Obama Looks To Boost Middle Class

President Barack Obama gestures as he speaks about the Middle Class Working Families Task Force, Jan. 30, 2009, in the East Room of the White House in Washington. (AP Photo/Charles Dharapak)
AP Photo/Charles Dharapak
President Barack Obama reached out to the working and middle classes Friday, re-announcing the creation of a Middle Class Task Force and reversing a number of George W. Bush's executive orders that critics regard as bad for labor unions.

The president called the economic slump a "continuing disaster" for America's families during a White House speech Friday, adding that the nation's leaders cannot waste time finding solutions for ailing economy.

And although his task force centers on the middle class, Mr. Obama said that "we're not forgetting the poor." He said his administration wants to make sure low-income people "get a piece" of the American pie "if they're willing to work for it."

Vice President Joe Biden will lead the task force, comprising a panel of advisers and four Cabinet members.

"Quite simply, a strong middle class equals a strong America. We can't have one without the other. … It is our charge to get the middle class - the backbone of this country - up and running again," Biden said.

On labor issues, Mr. Obama signed a series of executive orders Friday that he said should "level the playing field" for labor unions in struggles with management.

The orders Mr. Obama signed will:

  • Require federal contractors to offer jobs to current workers when contracts change.
  • Reverse a Bush order requiring federal contractors to post notice that workers can limit financial support of unions serving as their exclusive bargaining representatives.
  • Prevent federal contractors from being reimbursed for expenses meant to influence workers deciding whether to form a union and engage in collective bargaining.

    "We need to level the playing field for workers and the unions that represent their interests," Obama said before signing the executive orders during a ceremony in the East Room of the White House.

    "I do not view the labor movement as part of the problem. To me, it's part of the solution," he said, to a round of applause. "You cannot have a strong middle class without a strong labor movement."

    Read full transcript of President Obama's address
    Read text of President Obama's executive orders on labor
    Labor leaders visited the White House for a second consecutive day Friday for the announcements.

    Both were meant as a way for the new administration to connect with workers at the end of a week that has seen U.S. companies announce thousands more jobs cuts.

    "Over the last 100 years the middle class was built on the back of organized labor. Without their weight, heft and their insistence starting in the early 1900s we wouldn't have the middle class we have now, in my view," Biden told cable channel CNBC on Thursday. "So I think labor getting a fair share of the pie is part of it."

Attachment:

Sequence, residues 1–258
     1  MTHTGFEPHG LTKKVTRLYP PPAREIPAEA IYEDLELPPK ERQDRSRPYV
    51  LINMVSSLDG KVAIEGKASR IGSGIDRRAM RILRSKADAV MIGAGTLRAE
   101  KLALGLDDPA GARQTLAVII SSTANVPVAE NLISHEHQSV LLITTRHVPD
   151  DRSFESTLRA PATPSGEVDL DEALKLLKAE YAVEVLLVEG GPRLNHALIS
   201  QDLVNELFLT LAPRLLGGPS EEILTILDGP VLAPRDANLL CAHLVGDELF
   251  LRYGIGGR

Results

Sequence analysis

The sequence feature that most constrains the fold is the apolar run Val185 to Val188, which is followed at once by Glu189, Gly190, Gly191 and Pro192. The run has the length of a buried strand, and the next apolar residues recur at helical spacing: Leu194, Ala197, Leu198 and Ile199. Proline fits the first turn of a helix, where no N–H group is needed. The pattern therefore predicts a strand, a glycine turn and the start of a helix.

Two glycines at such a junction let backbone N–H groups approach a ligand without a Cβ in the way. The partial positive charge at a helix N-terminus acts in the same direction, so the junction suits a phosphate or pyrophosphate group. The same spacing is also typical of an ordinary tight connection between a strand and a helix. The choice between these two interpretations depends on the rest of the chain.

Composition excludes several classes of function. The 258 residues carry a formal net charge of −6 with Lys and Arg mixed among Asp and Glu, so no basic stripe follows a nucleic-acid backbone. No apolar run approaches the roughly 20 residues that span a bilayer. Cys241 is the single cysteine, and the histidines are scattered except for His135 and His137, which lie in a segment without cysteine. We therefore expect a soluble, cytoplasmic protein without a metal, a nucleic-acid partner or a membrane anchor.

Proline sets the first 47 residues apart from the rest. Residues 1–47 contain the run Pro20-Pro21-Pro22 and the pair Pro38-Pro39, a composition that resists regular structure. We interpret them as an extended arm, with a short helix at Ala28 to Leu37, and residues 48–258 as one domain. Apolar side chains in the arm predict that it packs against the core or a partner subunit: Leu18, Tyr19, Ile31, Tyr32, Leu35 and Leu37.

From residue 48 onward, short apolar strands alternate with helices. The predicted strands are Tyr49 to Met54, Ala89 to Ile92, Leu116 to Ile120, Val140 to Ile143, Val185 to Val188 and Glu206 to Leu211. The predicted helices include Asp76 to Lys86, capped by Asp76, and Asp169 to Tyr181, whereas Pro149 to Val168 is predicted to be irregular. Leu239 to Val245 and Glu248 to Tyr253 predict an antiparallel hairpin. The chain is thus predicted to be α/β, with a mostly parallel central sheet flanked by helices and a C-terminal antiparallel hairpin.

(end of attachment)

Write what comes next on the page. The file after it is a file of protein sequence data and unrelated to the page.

The Democratic president, not even two weeks into his term, was already trying to balance the needs of one of his party's most reliable constituencies - organized labor - while he also reaches out to Republicans.

    Mr. Obama doesn't necessarily need Republican support for his $800 billion economic stimulus plan and other initiatives to clear the Democratic-controlled Congress, but he has said he wants to transcend the usual partisan Washington politics as the country faces two wars and its worst recession in 70 years.

    The government reported more bad economic news Friday. The U.S. economy shrank at a 3.8 percent pace at the end of 2008, the worst showing in a quarter-century.

    On Thursday, Mr. Obama lashed out at Wall Street, saying it was shameful that employees were paid more than $18 billion in bonuses while their crumbling financial sector received a historic bailout from U.S. taxpayers.

    Mr. Obama was responding to reports Thursday that Wall Street executives were paid billions in bonuses last year as Congress poured hundreds of billions into the financial system to address an economy reeling from souring debt, defaulting mortgages and choked lending.

    With new Treasury Secretary Timothy Geithner at his side, the president said the payouts were "the height of irresponsibility."

    "It is shameful," Mr. Obama said. "And part of what we're going to need is for the folks on Wall Street who are asking for help to show some restraint, and show some discipline, and show some sense of responsibility."

    Labor leaders also visited the White House on Thursday, where Mr. Obama welcomed them to the East Room as he signed his first major piece of legislation, an equal-pay act that organized labor and women's groups championed.

    Unions have been lobbying the Obama administration to repeal scores of executive orders they view as hostile to their cause. Officials gave administration officials their top 10 executive orders they wanted to see dismantled quickly.

    Many executive orders are enacted and repealed based on which party controls the White House. One of the rules Mr. Obama planned to repeal Friday was approved by President George. H.W. Bush, removed by President Bill Clinton and reinstated by the second President George Bush.